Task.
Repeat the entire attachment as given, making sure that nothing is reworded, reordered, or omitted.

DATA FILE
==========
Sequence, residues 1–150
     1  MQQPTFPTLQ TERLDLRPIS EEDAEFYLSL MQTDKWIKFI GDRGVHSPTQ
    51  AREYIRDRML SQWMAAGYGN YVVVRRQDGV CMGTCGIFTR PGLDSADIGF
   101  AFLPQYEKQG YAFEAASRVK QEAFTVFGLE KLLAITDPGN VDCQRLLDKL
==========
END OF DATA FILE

Sequence, residues 1–150
     1  MQQPTFPTLQ TERLDLRPIS EEDAEFYLSL MQTDKWIKFI GDRGVHSPTQ
    51  AREYIRDRML SQWMAAGYGN YVVVRRQDGV CMGTCGIFTR PGLDSADIGF
   101  AFLPQYEKQG YAFEAASRVK QEAFTVFGLE KLLAITDPGN VDCQRLLDKL